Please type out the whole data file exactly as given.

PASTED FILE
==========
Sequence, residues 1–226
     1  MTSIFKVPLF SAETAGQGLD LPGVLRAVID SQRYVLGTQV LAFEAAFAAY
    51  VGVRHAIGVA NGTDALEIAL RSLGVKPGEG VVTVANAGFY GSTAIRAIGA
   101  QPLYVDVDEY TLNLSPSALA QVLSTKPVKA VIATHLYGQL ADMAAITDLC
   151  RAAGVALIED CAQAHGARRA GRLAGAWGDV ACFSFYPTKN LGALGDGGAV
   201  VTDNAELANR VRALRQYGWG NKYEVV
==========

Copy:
Sequence, residues 1–226
     1  MTSIFKVPLF SAETAGQGLD LPGVLRAVID SQRYVLGTQV LAFEAAFAAY
    51  VGVRHAIGVA NGTDALEIAL RSLGVKPGEG VVTVANAGFY GSTAIRAIGA
   101  QPLYVDVDEY TLNLSPSALA QVLSTKPVKA VIATHLYGQL ADMAAITDLC
   151  RAAGVALIED CAQAHGARRA GRLAGAWGDV ACFSFYPTKN LGALGDGGAV
   201  VTDNAELANR VRALRQYGWG NKYEVV